Lisa Corduff:

Oh, it’s so boring.

Shalome:

Oh gosh. Deep and meaningful, reflective journal filling moments. It’s like, who’s going to Kohl’s today? Have we run out of apples? What is the home learning log on? Who gives a shit? It’s like that really, meh. And so it’s being able to get out of my mind. And for me, that’s movement. Being by the ocean. I mean, this sounds like we’re about to go on a date or I’m setting up some sort of weird romantic profile. But it’s, a friend of ours Sam, Sam, I’m going to catch up with her in Sydney because God dammit, I am going to Sydney.

Lisa Corduff:

You’re going. You are going to Sydney.

Shalome:

And she said, let’s get together, we’ll have a long lunch. And I was like, no, we can’t sit down. I need to move. Let’s go for a long walk. Let’s be outside with big open sky. I think even feeling that sense of containment in your home for so long or in your five kilometre radius. I just want to go as far and wide as we can and claim that space with my physical body. So actually walk for terrain in any direction that I want to go, and own that. Such that I can be part of the landscape, the outer landscape, as opposed to the whatever mindlessness stuff was going on in my brain. So I’m very clear that for me, it’s a lot, a lot, a lot of outside time.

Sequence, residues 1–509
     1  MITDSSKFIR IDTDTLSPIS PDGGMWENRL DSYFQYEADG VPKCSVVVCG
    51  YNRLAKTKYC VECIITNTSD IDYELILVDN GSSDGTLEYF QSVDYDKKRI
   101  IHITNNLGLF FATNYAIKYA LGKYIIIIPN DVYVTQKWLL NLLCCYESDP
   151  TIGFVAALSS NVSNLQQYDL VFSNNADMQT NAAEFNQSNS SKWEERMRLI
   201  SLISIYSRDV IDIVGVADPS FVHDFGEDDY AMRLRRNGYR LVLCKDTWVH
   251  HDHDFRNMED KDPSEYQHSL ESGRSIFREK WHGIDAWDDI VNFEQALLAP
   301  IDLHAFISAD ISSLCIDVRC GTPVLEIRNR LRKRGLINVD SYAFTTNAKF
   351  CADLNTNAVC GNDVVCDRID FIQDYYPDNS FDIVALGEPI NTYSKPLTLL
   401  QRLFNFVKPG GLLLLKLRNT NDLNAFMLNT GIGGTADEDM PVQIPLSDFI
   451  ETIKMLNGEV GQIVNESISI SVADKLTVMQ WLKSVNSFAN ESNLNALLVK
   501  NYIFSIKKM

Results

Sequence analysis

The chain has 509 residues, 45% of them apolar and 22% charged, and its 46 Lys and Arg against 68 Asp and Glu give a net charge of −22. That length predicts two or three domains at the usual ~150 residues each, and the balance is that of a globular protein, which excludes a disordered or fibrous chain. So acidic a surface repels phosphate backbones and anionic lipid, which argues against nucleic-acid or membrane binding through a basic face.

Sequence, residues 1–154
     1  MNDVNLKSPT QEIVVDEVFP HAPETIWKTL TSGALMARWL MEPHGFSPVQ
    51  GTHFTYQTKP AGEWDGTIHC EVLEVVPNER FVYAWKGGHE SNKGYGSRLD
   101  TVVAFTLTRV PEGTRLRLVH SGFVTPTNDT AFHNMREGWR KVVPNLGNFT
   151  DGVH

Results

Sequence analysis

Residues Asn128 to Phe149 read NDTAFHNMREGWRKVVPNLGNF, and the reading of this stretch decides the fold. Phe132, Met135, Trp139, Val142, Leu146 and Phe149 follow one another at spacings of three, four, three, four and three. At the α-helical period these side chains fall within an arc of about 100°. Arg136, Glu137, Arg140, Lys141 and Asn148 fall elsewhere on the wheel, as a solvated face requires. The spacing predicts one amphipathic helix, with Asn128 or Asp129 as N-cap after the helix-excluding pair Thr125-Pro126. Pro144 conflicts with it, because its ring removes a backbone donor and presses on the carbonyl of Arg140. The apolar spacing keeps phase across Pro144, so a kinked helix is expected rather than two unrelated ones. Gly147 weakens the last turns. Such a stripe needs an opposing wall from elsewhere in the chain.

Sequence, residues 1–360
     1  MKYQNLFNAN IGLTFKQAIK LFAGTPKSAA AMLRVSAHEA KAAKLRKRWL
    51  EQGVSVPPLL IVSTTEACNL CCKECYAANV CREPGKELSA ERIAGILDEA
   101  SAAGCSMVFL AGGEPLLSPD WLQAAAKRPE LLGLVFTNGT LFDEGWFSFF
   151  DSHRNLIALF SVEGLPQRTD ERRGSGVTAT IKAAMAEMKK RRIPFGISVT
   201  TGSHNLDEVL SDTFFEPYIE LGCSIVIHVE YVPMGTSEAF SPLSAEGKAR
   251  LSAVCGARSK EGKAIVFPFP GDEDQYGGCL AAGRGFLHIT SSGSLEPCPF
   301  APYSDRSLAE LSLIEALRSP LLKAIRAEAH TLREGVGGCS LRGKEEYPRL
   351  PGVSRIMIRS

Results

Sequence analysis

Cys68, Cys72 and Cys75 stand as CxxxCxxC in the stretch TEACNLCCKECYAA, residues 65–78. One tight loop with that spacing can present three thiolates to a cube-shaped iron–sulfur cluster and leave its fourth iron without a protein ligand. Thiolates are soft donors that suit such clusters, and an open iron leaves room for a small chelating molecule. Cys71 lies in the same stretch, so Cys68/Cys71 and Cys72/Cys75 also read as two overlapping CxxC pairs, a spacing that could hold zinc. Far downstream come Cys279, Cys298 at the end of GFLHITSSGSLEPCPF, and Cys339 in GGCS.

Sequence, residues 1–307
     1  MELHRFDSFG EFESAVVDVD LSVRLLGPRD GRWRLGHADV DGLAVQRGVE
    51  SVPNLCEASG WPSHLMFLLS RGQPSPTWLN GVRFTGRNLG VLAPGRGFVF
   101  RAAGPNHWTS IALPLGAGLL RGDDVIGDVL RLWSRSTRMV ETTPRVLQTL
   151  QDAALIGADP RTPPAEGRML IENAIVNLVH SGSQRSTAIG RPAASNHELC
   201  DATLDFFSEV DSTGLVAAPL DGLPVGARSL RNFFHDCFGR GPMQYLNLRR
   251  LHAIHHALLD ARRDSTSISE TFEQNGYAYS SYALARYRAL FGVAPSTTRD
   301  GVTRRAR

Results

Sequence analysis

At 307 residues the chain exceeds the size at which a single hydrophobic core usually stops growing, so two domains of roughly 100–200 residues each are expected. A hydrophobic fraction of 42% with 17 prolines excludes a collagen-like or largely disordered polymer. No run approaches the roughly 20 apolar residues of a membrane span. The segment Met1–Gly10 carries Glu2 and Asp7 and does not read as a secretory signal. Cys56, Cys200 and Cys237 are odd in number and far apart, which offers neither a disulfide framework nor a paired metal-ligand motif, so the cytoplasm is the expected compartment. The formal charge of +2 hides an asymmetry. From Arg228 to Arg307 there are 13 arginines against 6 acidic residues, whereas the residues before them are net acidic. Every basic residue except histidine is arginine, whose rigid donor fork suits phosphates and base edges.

Shalome:

But then I’m also, coming back to that point about our kids have also been locked up for two years, and so we’ve been talking about what are we going to do in Sydney? And once I’ve got past my, mm, whatever, I really want them to have a great time. I really want them to feel like they’re on holiday. I don’t even think they remember. They’ve spent two of their seven or eight years in our house. And whilst we, thankfully, all quite like each other, we’ve had a good time, been a lot of UNO. But I really want them to remember this as an actual holiday. So if we’re having ice cream every day, or we’re doing something different every day, or whatever it is. And I want them to feel like mom and dad are relaxed and lighthearted and present. And not in that sort of semi vague, foggy, slightly here, slightly on my phone, slightly asleep kind of perspective, which has been fairly present throughout the last couple of years.